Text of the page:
No. 4: Let’s talk about the pauses after the inhale and exhale. These are often called “holds.” But, in pranayama, there should be no breath holding at all. Rather, the space between the inhale and the exhale, or the exhale and the inhale should be a pause. After your inhale, that pause should feel as if you are still inhaling. Your epiglottis should stay open. The same thing with the pause after your exhale, it should feel like you are still exhaling, never holding.   

When you tell people to hold their breath without further explanation, many will end up holding their breath like Agnes in Despicable Me, and that could be a problem, particularly if you don’t know the state of someone’s cardiovascular health or their trauma history.

Additionally, for many people, trying to inhale to 4, then pause for 4, then exhale for 4 is (for them) a breathing feat of Olympic proportions (let alone being asked to bump that up to 8 or 10). But then, on top of it, you’re asked to pause for another 4 after your exhale. Yikes! That can be downright anxiety producing. I have worked with plenty of people who would be completely overwhelmed psychologically and physiologically if they tried to do any kind of square breathing – it would not be remotely relaxing for them.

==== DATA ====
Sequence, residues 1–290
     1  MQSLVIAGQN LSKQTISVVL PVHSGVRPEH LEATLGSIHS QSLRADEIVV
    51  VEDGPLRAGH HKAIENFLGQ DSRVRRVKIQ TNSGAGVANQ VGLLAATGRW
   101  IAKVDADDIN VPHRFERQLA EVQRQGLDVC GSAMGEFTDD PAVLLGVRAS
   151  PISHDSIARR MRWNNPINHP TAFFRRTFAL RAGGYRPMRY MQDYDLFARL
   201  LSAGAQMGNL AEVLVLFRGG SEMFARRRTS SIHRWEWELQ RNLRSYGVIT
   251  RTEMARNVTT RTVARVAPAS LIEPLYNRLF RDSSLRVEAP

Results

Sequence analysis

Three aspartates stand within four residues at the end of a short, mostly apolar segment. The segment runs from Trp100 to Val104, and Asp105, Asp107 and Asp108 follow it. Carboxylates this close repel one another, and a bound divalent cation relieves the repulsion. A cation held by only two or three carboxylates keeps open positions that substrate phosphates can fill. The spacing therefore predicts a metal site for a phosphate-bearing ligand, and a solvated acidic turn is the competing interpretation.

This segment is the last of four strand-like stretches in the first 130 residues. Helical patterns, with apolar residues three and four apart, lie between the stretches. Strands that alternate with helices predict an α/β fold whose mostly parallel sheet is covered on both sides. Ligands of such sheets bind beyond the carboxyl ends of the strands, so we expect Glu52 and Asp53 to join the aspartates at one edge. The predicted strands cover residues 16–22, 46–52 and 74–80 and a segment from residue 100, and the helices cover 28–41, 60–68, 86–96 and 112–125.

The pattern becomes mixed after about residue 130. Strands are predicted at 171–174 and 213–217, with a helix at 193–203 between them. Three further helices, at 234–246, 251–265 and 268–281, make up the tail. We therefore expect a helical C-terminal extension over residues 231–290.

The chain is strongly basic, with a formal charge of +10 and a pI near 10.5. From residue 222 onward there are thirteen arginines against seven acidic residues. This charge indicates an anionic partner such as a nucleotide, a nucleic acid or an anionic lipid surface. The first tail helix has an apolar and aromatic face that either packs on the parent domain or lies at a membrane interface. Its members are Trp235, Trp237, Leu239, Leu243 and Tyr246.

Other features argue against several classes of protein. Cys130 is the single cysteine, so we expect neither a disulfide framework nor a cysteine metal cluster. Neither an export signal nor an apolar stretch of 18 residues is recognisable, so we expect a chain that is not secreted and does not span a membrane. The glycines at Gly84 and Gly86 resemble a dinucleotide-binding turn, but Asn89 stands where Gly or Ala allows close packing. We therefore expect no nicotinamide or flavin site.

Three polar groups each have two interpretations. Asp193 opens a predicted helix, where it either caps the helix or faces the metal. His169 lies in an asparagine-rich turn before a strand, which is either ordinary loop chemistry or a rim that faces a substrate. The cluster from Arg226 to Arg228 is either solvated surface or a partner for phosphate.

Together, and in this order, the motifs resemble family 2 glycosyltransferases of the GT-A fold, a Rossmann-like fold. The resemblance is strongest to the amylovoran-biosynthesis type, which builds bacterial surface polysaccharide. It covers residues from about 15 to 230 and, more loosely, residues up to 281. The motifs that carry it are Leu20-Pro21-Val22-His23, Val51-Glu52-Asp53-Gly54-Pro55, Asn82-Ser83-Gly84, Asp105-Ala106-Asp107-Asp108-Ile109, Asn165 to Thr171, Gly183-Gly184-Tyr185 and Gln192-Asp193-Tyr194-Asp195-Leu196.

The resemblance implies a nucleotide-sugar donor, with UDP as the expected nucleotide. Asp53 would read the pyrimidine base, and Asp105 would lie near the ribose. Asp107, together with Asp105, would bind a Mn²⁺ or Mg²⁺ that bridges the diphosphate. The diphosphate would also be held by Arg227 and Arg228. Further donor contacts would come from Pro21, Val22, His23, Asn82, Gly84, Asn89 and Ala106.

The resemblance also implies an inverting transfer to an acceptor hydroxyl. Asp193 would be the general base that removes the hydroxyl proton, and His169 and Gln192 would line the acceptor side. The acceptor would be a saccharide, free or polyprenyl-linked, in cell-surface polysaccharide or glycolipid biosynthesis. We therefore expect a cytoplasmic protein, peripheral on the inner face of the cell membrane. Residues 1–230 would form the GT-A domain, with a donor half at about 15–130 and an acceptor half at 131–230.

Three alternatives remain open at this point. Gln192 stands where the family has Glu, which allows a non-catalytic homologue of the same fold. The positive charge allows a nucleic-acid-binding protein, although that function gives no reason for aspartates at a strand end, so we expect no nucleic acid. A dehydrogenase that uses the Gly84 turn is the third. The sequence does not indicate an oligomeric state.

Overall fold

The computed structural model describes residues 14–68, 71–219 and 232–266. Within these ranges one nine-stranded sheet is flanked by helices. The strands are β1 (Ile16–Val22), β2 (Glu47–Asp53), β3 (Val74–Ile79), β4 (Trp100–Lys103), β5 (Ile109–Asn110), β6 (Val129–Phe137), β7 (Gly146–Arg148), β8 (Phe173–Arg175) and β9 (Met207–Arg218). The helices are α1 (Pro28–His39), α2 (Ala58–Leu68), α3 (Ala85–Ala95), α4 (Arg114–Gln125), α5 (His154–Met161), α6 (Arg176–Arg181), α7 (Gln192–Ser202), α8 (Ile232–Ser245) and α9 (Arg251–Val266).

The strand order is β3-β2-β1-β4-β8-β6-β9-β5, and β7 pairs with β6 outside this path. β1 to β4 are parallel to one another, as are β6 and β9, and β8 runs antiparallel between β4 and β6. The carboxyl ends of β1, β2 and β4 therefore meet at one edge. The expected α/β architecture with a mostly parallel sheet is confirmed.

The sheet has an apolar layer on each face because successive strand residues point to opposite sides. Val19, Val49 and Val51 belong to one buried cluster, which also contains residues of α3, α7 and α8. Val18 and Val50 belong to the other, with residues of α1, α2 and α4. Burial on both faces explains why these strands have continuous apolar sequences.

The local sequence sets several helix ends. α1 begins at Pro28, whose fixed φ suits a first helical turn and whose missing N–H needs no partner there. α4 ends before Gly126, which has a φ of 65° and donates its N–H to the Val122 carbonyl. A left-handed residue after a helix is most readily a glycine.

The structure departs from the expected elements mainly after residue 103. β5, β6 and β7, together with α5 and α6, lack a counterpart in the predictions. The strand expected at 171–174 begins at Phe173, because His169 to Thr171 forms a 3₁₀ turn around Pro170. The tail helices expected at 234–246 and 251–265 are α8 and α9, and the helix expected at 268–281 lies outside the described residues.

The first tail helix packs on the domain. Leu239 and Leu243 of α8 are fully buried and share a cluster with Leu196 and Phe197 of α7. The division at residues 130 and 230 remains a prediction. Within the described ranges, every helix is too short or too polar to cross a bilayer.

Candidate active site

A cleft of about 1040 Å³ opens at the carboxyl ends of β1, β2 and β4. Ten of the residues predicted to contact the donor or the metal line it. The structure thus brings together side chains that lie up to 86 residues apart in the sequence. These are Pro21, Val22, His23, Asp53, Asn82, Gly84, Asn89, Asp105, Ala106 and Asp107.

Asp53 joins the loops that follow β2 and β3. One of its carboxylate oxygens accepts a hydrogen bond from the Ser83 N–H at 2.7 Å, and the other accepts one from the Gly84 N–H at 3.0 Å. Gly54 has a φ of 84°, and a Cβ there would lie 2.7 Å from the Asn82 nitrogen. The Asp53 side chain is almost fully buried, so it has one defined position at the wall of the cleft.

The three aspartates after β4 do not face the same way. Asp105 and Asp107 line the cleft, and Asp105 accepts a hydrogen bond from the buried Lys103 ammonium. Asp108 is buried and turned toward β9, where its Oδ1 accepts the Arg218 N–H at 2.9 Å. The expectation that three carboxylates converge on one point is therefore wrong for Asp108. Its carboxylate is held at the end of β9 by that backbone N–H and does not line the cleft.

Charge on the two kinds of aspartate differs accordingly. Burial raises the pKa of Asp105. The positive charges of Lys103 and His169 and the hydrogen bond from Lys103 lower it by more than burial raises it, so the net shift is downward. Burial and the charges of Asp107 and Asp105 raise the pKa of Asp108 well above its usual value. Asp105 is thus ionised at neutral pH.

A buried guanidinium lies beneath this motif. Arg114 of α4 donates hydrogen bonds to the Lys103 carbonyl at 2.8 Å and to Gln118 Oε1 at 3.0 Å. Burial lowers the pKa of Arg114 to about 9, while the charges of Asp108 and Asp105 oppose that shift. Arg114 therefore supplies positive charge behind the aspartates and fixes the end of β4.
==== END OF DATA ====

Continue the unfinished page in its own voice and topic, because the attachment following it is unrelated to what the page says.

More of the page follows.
My fifth point is this: of the four parts of the breath, the inhale and the exhale are, obviously, the most important. So, if you take your time and slowly build up to comfortable numbers, they are probably a good place to start your pranayama. I’ve worked with folks with ranges from 3 to 15. It can be that different. Similarly, I’ve worked with folks whose comfortable exhale is 3 to 18.  

Longer is not better, it’s just different and since your breath is as unique as you are, it’s never all that helpful to try to do someone else’s ratio, to live in someone else’s box – because you haven’t lived their life.

The way you get into the inhale, the exhale, and the pauses is complicated, and I can’t really teach it in a blog post. Suffice it to say, that it is much more nuanced than square breathing. However, if you have a fairly clear idea of a comfortable length for your own inhale and exhale, then you can add some pauses – maybe 1, 2, or 3 counts. And these can certainly be appropriate and helpful for nervous system regulation – in the moment as well as resilience-building over time. The main thing is that your breathing practice should feel comfortable, easeful, and pleasant. Symptoms like lightheadedness, dizziness, a headache, or nausea are telling you that you are pushing your breath, and that’s not good.  

So please, don’t put the breath in a box, it deserves much more space. For a few thoughts about how to use asana to prepare the breath for a squarish (more quadrangle really) breathing practice, please check out this video.


Please download our free eBook, How to Be Trauma Attuned in the Yoga Space.